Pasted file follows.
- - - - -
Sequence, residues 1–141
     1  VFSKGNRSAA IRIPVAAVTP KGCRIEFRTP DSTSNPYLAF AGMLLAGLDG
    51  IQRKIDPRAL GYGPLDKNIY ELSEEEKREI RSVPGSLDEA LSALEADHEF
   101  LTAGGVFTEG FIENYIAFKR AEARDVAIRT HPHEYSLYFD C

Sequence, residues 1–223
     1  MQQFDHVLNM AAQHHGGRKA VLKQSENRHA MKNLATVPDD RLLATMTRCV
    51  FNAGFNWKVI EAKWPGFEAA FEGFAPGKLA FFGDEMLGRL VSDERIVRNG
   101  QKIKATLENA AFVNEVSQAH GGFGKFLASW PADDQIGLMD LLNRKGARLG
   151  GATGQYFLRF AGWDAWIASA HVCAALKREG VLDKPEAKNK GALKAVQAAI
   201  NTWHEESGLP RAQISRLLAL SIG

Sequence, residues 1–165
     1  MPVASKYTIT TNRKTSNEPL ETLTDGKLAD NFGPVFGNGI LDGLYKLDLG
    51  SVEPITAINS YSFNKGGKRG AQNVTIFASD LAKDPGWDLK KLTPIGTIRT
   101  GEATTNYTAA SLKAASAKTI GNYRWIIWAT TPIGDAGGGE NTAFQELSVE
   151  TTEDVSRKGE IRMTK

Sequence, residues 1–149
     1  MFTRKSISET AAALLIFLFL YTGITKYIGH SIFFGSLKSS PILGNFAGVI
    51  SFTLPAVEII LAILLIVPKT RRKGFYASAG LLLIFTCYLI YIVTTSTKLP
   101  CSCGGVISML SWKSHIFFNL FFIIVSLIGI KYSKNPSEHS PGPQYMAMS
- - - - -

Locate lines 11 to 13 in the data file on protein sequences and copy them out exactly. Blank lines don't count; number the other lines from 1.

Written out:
Sequence, residues 1–165
     1  MPVASKYTIT TNRKTSNEPL ETLTDGKLAD NFGPVFGNGI LDGLYKLDLG
    51  SVEPITAINS YSFNKGGKRG AQNVTIFASD LAKDPGWDLK KLTPIGTIRT